In an otherwise unassuming facility in northern Seattle, a supercooled tangle of tubes and wires is poised to remake the world. Coursing with liquid helium, the device's interior hovers less than a tenth of a degree above absolute zero, the coldest possible temperature. Inside the frigid cavity, carefully shielded from noise, microwave radiation can resonate like sound waves in a bell, hunting for hints of particles whizzing through that, in all other contexts, would be invisible.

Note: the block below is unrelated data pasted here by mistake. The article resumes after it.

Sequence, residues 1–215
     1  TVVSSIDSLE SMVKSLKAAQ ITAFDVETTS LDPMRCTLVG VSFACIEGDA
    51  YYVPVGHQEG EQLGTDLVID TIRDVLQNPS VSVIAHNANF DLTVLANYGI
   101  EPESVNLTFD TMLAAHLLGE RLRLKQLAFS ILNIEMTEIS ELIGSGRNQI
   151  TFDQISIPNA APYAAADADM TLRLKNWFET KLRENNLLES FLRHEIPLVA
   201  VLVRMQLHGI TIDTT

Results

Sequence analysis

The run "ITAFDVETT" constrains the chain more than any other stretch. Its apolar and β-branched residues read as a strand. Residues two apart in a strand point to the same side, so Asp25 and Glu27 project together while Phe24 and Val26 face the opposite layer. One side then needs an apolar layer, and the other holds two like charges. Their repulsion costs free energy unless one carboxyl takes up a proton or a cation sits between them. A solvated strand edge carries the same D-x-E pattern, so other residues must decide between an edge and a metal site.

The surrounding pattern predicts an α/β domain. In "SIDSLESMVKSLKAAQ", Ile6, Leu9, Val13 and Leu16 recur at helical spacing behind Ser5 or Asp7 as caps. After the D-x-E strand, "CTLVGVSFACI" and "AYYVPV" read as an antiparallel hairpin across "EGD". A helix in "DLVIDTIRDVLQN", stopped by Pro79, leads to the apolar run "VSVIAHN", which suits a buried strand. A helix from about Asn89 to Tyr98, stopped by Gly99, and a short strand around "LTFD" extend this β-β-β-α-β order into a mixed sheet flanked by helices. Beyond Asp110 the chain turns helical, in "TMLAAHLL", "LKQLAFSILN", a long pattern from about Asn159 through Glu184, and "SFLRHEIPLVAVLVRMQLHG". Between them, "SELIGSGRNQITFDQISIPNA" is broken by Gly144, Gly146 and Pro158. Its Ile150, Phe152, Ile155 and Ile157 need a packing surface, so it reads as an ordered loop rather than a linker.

Meet the Axion Dark Matter eXperiment, or ADMX: the most sensitive scientific instrument of its kind ever built. If ADMX confirms the existence of its prey, a theoretical particle called the axion, it could finally explain the massive cosmic mystery of dark matter.